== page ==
43) Focal Point, “Sycamore Sid”
This was the B-side of Focal Point’s only single (’68). You can learn the most revealing and interesting things from a band’s liner note comments, such as: Sycamore Sid “is now considered a psychedelic classic, much to our surprise!” and that the song was an ode to John Mayall’s tree house.
The unfulfilled promise of Focal Point showed that even the enthusiastic support of one or more Beatles didn’t ensure that a group would get a decent shot at success, even in the UK (file under the Aerovons).
44) Robert Charlebois and Louise Forestier, “La Marche du President”
Francoise Couture in All Music Guide calls “La Marche” a “mind-expanding” and “revolutionary” rock song. She writes that his “previous album was a collection of acoustic folk songs . . . . In 1967, [he] went to California [and] came back a rock & roll dynamo . . . . A Québec artist, used to the severeness of Québec culture, had seen San Francisco and simply couldn’t do things the right way anymore. ” Essentially, this album was Quebec’s Sgt. Pepper’s.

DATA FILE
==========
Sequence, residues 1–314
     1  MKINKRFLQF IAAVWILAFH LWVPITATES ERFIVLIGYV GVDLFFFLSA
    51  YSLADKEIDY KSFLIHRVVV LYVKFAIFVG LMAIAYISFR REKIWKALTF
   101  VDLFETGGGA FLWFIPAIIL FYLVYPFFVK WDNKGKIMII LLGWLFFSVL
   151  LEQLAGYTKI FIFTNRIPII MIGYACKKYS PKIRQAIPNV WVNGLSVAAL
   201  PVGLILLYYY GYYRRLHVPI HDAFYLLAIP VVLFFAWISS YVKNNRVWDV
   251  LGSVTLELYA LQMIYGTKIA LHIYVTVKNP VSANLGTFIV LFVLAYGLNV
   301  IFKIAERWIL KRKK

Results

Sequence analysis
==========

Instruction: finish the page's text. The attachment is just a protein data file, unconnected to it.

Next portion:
45) David Peel & the Lower East Side, “I Like Marijuana”
“I like marijuana, you like marijuana, we like marjiuana too.”
Steve Kurutz in All Music Guide writes that:
[S]treet musician and John Lennon protégé David Peel seems pretty ridiculous. . . . [His] lyrics . . . are juvenile [and] dated . . . . But . . . Peel and his merry band of misfits begin to grow on you. . . . When he sings about smoking some grass and getting harassed by lame cops . . . you tend to believe him.